Hello from 2009! Our trip to Los Angeles was great. We basically spent the whole time in the beach cities, relaxing or shopping or eating, either in Manhattan Beach where Johanna's sister, Val, lives or in Hermosa Beach where our hotel was. Walking between the cities was simple - just a quick stroll up or down The Strand, a pedestrian and bike trail connecting most of the major beaches in LA. Both Val's house and our hotel were on the Strand, so we probably put in at least 10 miles of walking, and the scenery along the way was gorgeous. On one side was the blue ocean with people surfing or playing volleyball on the beach (even in December!). On the other were a wide variety of closely-packed and expensive beach houses. You'd see a spanish colonial next to a Victorian next to a small cottage next to an ultra-modern glass and steel behemoth. And almost all meticulously cared for by their owners. There was a lot to see. The beach community definitely has a sense of self-pride and belonging, and it wouldn't be hard to get accustomed to their lifestyle. Alas, after 5 days we headed back home to our cold, wet Seattle :)
It seems like half the people we met had colds while we were there, with phlegm all colors of the rainbow, but we did our best to avoid too much close contact and I seem to have managed to avoid it all. Though I did get a sunburn on my face and my doctors gave me a slap on the wrist about it the next day. After the transplant, I'll have to be more careful, since graft-versus-host disease (GVHD) can flare up as the result of a single sunburn, and could take months to get back under control.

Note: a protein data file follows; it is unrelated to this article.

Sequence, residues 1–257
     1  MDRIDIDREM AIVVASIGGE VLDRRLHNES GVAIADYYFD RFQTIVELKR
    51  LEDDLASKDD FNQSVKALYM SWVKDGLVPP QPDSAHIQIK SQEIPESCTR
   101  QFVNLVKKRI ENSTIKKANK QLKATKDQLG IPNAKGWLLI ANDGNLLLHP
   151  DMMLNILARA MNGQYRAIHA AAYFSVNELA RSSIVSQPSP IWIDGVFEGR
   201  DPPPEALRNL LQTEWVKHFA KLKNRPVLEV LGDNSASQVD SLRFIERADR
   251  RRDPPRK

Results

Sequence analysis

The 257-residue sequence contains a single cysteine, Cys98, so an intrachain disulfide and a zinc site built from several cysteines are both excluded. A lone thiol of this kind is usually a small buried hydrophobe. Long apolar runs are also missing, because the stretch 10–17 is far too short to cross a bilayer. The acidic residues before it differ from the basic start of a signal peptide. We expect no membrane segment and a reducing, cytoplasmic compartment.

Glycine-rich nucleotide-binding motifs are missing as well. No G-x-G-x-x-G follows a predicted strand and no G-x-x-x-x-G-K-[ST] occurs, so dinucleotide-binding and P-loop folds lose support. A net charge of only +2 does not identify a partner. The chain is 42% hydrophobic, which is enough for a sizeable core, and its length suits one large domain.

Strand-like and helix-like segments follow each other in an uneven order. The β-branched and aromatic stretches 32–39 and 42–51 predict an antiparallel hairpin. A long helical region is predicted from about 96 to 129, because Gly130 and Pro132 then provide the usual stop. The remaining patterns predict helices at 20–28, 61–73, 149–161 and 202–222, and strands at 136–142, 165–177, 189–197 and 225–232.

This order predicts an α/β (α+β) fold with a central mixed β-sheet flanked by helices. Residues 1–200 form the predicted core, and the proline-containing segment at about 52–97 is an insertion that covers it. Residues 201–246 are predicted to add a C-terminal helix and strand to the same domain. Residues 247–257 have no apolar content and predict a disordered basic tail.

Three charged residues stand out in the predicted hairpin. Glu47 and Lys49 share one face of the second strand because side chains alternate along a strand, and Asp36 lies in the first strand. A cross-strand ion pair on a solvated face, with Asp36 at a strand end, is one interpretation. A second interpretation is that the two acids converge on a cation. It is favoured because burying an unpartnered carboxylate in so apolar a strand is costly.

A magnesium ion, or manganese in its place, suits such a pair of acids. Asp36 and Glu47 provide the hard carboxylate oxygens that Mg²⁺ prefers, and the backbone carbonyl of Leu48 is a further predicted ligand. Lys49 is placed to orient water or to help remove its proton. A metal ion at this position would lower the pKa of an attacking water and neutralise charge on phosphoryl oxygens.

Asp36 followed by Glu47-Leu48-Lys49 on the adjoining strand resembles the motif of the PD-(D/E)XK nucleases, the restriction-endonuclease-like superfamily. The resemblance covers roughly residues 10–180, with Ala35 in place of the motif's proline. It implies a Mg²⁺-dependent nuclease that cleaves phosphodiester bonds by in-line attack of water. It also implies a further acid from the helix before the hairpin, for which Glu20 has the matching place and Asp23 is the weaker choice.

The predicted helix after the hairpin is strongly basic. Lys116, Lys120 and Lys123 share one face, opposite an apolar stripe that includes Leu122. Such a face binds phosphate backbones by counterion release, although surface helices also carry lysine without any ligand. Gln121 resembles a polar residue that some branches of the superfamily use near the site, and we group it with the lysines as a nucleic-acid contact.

The day after we got back, I was scheduled for a blood draw, a nutrition class, an EKG, and a checkpoint visit with the transplant team. Everything went well, I passed all my tests from the previous week with flying colors, and all my blood counts were normal. Super cool. They are also checking the Voriconazole (anti-fungal antibiotic) levels in my blood to see if the dose needs to be adjusted. The next day I went back in for another blood draw, as my donor's sample blood had just arrived at the lab. They've already determined that we match as closely as possible through our HLA typing, but continuous blood checks are needed to make sure that my blood doesn't develop antibodies against my donor's blood. New antibodies can be inherited by getting a transfusion, or sometimes they can occur out of the blue.
Nothing much is expected between now and next week. Next week I'll have another checkpoint visit with the transplant team and that's it. The week after, we'll do another CT scan to see if the lung infection has cleared up, and if so, we'll proceed with the transplant.
As of now, the schedule looks like this:
Jan 14 - CT scan to check lung infection
Jan 15 - Transplant team makes go/no-go decision on transplant
Jan 16 - Hickman line (like PICC line, but goes in your chest)
Jan 19 - 5 days of intensive chemotherapy to wipe out marrow
Jan 26 - Transplant
It's turning out to be a nice day so I think I'll head off to a coffee shop somewhere. Ciao! Here are some pictures from our trip: